Appendix A: Installing & Configuring Git
Written by Chris Belanger
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Installing Git is relatively straightforward, but putting a little care in your initial setup and configuration will go a long way to ensuring that your work with Git is as hassle-free as possible.
Installing on Windows
To remain as platform-agnostic as possible, you’ll install Git using one of the official standalone installers. While you can use the Chocolatey Package Manager for Windows, or even download and install GitHub Desktop (which installs Git on its own), you’ll install and configure the plain-vanilla version of Git for Windows.
These instructions were tested on Windows 10, but the concepts should be similar across Windows versions.
- Download the official release of Git for Windows at the following link:
This book uses the 2.27.0 release, available here:
Execute the self-contained EXE file once it downloads fully.
If prompted to allow changes to your system, click OK.
Click through the installer, accepting all defaults along the way. One thing you might want to change, depending on your system, is the install location of Git, which by default is C:\Program Files\Git. If you usually install everything into C:\Program Files, then you can leave this option alone.
Note: To best follow along with this book, leave the default editor option as Vim.
Although you can select from a list of arguably excellent and more user-friendly editors as part of the setup process, you’ll likely get lost when you try to use another text editor to create your commit messages or do other tasks. But if you feel compelled to choose another option, do so now. Dulce periculum. :]
The app will install Git and a host of helper libraries. This will only take a Microsoft minute.
When the installer finishes, you’ll be presented with the completion dialog. Unselect View Release Notes (you have this book, so who needs release notes anyway?) and select Launch Git Bash so you can start the configuration process once the installer closes. Then click Next.
- You’ll see a console that looks similar to the following:
This is Git Bash. It’s similar to the familiar Windows Command shell, but it’s a version of the Bourne Again Shell (bash) that’s a common way for people to interact with Linux, macOS and other platforms.
If you use the Git Bash shell to interact with your directories and projects, you’ll be able to follow along with this book pretty much verbatim. This includes using the command line tools in this book, such as
However, if you choose to use Git CMD (which lets you use the familiar Windows path structure, among other things), you’ll have to adapt some of the commands and/or tools that you’ll use in this book to their Windows equivalents.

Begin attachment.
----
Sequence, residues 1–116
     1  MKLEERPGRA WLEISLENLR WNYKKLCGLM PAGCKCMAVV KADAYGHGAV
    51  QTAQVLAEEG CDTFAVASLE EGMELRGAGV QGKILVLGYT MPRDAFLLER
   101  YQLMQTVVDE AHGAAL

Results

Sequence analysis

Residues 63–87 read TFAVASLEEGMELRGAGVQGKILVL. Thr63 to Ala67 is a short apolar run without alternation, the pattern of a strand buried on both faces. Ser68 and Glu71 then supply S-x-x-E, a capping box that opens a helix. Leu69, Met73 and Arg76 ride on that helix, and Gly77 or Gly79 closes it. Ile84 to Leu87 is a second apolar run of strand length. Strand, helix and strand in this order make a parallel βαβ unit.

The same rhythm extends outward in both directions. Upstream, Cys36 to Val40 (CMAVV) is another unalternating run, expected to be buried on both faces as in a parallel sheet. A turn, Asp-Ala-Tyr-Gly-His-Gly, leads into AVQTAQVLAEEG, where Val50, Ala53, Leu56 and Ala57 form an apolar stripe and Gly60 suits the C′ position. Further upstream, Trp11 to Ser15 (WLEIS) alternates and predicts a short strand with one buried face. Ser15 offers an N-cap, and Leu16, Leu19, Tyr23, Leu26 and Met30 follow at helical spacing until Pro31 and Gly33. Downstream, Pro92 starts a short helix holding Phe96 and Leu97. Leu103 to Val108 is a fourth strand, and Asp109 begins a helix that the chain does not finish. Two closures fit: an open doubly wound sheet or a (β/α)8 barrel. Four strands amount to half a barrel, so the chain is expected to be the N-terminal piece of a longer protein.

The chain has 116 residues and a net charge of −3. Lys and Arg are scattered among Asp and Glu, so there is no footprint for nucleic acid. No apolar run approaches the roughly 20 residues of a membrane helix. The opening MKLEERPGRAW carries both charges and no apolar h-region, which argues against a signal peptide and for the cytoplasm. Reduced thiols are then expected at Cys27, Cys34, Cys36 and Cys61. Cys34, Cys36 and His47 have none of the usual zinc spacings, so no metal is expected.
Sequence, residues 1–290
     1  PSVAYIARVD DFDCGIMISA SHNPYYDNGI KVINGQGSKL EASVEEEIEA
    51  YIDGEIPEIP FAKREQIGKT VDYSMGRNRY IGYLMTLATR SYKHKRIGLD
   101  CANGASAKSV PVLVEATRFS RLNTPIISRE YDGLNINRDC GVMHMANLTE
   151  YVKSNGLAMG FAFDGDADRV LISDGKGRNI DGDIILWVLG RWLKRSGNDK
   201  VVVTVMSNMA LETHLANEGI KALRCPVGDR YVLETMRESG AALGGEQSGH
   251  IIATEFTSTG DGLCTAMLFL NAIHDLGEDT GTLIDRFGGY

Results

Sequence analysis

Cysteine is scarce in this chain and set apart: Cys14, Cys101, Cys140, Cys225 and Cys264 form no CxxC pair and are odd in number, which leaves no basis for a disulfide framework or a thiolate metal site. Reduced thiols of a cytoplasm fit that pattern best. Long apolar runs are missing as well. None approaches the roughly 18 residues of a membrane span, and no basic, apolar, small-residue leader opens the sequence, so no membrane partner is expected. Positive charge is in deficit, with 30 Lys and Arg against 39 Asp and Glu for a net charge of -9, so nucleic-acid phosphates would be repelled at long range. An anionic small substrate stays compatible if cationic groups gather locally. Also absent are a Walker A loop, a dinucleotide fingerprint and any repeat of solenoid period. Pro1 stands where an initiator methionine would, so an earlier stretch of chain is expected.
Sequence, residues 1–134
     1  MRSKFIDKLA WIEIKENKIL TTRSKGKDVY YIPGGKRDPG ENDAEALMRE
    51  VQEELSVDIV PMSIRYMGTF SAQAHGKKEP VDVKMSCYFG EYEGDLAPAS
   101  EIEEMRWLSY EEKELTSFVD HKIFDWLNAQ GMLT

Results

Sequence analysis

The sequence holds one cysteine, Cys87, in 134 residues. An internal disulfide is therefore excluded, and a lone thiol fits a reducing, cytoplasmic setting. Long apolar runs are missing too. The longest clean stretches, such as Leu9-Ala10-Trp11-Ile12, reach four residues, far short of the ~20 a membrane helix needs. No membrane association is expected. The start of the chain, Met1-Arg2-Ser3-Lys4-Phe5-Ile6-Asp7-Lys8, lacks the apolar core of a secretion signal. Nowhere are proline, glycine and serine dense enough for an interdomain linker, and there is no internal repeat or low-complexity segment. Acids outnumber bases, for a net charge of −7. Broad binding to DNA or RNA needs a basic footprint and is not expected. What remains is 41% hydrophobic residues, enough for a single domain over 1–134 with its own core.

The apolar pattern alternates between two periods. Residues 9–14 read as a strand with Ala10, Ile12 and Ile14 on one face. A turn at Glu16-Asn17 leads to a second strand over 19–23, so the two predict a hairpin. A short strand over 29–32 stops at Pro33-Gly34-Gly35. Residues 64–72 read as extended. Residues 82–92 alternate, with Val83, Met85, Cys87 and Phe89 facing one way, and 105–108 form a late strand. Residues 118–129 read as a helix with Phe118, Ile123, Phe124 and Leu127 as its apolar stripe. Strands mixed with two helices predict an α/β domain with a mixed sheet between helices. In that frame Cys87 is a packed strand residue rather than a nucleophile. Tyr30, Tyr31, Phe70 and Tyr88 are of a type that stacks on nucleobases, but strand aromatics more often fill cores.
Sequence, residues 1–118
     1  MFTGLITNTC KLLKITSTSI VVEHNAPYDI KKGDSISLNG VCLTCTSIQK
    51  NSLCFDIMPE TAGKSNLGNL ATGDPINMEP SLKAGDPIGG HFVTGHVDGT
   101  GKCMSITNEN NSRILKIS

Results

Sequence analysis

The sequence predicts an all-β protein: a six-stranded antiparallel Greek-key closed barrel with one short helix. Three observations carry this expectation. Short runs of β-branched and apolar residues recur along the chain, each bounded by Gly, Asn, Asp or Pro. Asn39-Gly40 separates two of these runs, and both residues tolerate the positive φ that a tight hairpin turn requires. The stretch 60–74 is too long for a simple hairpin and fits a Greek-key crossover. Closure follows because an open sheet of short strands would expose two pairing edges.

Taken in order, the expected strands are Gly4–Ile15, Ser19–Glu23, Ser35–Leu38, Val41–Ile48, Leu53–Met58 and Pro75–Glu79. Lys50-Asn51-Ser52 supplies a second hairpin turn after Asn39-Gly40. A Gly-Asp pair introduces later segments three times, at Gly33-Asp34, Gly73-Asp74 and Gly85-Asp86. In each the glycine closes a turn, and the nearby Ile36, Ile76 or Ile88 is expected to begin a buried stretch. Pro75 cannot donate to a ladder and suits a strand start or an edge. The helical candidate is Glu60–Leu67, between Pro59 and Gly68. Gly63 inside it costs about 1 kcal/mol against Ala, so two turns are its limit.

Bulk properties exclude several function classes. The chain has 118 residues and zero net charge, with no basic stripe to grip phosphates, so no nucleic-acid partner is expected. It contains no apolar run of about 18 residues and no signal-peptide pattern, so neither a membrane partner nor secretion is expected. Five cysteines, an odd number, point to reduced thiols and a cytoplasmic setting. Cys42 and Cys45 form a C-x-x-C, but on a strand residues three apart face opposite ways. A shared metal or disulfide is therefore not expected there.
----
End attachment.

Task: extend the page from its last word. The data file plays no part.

Installing on macOS
There are a few ways to install Git on macOS. There is a standalone installer for Git, but it’s unfortunately quite out of date and isn’t recommended anymore. Installing GitHub Desktop will set up Git for you. However, the two recommended methods for maximum control are to either install with Xcode’s command-line tools or use the Homebrew package manager to install Git on your system.
Installing Xcode’s command-line tools
Chances are you’re using Xcode if you’re developing on a Mac. Since Xcode has some really good Git integration, you might as well just let Xcode do what it wants and manage the Git installation itself.
Installing with Homebrew
Homebrew is a useful package manager for macOS. With Homebrew, you can install and update hundreds, if not thousands, of pieces of software right from your command line.
/bin/bash -c "$(curl -fsSL https://raw.githubusercontent.com/Homebrew/install/master/install.sh)"
brew install git
brew link --overwrite git
There are a few things you can do once you’ve installed Git to make your life a tiny bit easier; they’re optional but highly recommended. One of those things is to set up your GitHub credentials in Git so they stick, saving you from having to re-enter them frequently.
Setting your username and email
- To persist your GitHub username so you don’t have to type it in every time you push your changes to a remote repository, execute the following command, enclosing your name in quotes:
git config --global user.name "your-username-here"
git config --global user.email "email@example.com"
Persisting your password
If you’re on macOS, authenticating against GitHub or other repositories from the command line will store your password on the macOS Keychain, so you won’t have to enter your credentials each time you want to interact with a remote repository.